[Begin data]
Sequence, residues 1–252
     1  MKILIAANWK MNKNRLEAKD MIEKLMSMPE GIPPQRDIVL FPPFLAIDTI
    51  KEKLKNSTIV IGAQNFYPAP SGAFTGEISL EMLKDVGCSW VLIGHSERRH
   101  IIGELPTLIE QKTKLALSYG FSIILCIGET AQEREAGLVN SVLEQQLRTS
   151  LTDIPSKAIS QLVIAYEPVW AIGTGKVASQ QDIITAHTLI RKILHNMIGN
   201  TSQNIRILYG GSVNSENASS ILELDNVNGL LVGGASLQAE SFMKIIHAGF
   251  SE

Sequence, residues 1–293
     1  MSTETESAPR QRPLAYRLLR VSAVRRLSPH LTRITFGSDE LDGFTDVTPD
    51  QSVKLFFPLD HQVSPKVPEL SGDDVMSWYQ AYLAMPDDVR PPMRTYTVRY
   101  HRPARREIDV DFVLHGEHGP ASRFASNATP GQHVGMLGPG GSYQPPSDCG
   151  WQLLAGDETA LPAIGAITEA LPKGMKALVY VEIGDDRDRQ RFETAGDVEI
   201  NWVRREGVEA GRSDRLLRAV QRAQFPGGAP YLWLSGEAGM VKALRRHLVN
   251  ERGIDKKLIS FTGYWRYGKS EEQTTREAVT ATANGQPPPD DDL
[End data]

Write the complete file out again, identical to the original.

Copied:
Sequence, residues 1–252
     1  MKILIAANWK MNKNRLEAKD MIEKLMSMPE GIPPQRDIVL FPPFLAIDTI
    51  KEKLKNSTIV IGAQNFYPAP SGAFTGEISL EMLKDVGCSW VLIGHSERRH
   101  IIGELPTLIE QKTKLALSYG FSIILCIGET AQEREAGLVN SVLEQQLRTS
   151  LTDIPSKAIS QLVIAYEPVW AIGTGKVASQ QDIITAHTLI RKILHNMIGN
   201  TSQNIRILYG GSVNSENASS ILELDNVNGL LVGGASLQAE SFMKIIHAGF
   251  SE

Sequence, residues 1–293
     1  MSTETESAPR QRPLAYRLLR VSAVRRLSPH LTRITFGSDE LDGFTDVTPD
    51  QSVKLFFPLD HQVSPKVPEL SGDDVMSWYQ AYLAMPDDVR PPMRTYTVRY
   101  HRPARREIDV DFVLHGEHGP ASRFASNATP GQHVGMLGPG GSYQPPSDCG
   151  WQLLAGDETA LPAIGAITEA LPKGMKALVY VEIGDDRDRQ RFETAGDVEI
   201  NWVRREGVEA GRSDRLLRAV QRAQFPGGAP YLWLSGEAGM VKALRRHLVN
   251  ERGIDKKLIS FTGYWRYGKS EEQTTREAVT ATANGQPPPD DDL